The S&P/Case-Shiller Home Price Index showed Tuesday that from January to February, prices on the index rose 1 percent, highest on the 20-city measure. Prices declined over the month in 13 of the cities included on the closely-watched index.

“There’s a fundamental housing shortage in San Diego County, it’s that simple,” said Mark Goldman, a loan officer and real-estate lecturer at San Diego State University. “We have a strong housing market in San Diego as a result of a shortage. We have demand and a robust economy compared to a lot of other communities.”

The index, which lags two months, measures repeat sales of single-family homes. From February 2013 to February 2014, San Diego home values are up 19.9 percent, trailing only San Francisco and Las Vegas in annual appreciation.

Still, Goldman said he sees the local market continuing to slow, perhaps down to its historical 3 to 3.5 percent annual appreciation level.

The slowing seems to have started. For instance, the index rose from 163.28 in January 2013 to 194.07 in October, hovering around that total the rest of the year. In February 2014, it reached 196.97, highest since it was 197.45 in January 2008, but on the decline in the Great Recession.

Goldman said now that values of recovered, the market is adjusting to a new normal.

“We’re starting to see shifts in different consumption habits of homebuyer,” he said. “We’re seeing a lower desire to jump into the housing market, we’re seeing slower household formation, people are living at home longer, people are pooling resources instead of running out and jumping into that house. People are much more careful about their home-buying decision.”

David Blitzer, chairman of the index committee at S&P Dow Jones, also said despite price gains in much of the country, the market is slowing. That’s exemplified by fewer sales, housing starts, and the fact that home prices haven’t made it back to their 2005 levels. Blitzer also notes that mortgage rates have remained steady since they jumped last May, hitting affordability amid concerns over consumer confidence and tighter qualification standards.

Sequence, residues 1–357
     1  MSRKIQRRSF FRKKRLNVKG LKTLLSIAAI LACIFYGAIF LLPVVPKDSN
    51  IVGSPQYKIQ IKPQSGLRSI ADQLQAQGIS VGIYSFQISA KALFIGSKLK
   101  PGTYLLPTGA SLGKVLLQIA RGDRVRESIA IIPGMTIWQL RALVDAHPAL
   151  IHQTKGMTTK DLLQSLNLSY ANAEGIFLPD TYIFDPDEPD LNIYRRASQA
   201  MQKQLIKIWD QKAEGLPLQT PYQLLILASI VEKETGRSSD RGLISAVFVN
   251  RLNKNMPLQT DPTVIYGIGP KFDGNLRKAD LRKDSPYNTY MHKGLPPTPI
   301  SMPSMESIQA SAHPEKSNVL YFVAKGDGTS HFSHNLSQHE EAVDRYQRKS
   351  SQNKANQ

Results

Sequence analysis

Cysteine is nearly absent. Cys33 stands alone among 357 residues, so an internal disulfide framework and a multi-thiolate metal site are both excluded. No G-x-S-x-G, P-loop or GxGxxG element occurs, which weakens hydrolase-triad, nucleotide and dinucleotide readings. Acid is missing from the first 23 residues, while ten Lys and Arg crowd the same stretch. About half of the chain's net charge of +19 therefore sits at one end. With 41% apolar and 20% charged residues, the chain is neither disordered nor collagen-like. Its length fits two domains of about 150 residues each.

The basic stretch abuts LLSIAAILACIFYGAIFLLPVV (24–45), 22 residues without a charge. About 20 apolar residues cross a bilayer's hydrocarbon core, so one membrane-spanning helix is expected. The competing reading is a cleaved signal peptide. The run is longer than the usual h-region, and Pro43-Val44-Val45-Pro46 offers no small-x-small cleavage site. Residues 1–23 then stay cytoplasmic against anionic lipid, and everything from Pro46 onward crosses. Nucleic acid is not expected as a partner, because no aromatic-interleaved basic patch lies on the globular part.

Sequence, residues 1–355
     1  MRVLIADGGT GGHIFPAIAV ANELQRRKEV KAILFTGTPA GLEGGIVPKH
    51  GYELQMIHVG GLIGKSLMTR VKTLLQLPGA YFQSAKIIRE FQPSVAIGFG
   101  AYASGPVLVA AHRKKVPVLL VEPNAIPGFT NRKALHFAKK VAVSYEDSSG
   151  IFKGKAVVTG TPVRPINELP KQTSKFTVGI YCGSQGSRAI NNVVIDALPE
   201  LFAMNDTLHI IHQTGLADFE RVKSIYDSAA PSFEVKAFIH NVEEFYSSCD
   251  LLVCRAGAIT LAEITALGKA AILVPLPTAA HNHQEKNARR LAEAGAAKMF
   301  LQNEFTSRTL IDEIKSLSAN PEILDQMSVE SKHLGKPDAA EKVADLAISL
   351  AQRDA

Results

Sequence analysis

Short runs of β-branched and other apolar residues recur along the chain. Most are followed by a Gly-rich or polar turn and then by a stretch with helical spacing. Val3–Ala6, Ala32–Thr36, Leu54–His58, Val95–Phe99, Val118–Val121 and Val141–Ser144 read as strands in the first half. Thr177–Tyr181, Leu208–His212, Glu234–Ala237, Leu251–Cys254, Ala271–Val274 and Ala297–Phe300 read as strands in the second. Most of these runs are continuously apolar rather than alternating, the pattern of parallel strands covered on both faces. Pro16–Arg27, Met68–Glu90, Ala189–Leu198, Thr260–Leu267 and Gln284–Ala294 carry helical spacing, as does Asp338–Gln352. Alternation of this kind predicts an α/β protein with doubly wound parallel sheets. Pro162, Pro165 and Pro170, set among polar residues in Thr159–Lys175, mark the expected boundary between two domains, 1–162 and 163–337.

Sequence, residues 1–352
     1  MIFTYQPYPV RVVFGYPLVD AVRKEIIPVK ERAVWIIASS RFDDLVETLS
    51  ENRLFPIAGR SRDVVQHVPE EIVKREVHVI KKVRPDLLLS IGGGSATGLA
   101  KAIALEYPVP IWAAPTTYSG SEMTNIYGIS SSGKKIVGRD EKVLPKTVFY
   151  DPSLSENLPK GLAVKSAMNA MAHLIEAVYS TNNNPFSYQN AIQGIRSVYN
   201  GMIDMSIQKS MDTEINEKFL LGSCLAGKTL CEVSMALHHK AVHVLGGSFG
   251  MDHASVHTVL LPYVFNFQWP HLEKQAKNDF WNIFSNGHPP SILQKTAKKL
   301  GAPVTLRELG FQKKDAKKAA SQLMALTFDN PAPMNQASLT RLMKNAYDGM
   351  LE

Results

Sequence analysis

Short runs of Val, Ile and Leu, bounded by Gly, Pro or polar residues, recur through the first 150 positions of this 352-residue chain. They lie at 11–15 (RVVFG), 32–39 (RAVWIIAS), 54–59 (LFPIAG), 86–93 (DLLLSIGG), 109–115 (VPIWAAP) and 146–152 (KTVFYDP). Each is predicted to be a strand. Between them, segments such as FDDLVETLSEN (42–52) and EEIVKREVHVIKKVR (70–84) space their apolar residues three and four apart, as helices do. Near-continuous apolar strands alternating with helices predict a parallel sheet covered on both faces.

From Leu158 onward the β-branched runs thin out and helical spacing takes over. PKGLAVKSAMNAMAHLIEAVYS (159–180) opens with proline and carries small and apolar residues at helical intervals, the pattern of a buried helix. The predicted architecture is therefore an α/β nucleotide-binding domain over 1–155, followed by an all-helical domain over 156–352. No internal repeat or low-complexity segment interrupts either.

“Five years into the recovery from the recession, the economy will need to look to gains in consumer spending and business investment more than housing,” Blitzer said in a statement. “Long overdue activity in residential construction would be welcome, but is certainly not assured.”

The average rate for 30-year-fixed mortgage in February was 4.3 percent, up from 3.53 percent in February 2013, Freddie Mac reports.

DataQuick, another real estate tracker, reported in February that San Diego County’s median home sale price was $410,000. It rose to $427,000 in March.

Las Vegas had the highest year-over-year gain on the index, at 23.1 percent, while San Francisco was second with 22.7 percent appreciation. Both were about flat from January to February. In Cleveland, where prices declined 1.6 percent from January to February, annual appreciation was 3 percent, slowest on the 20-city index.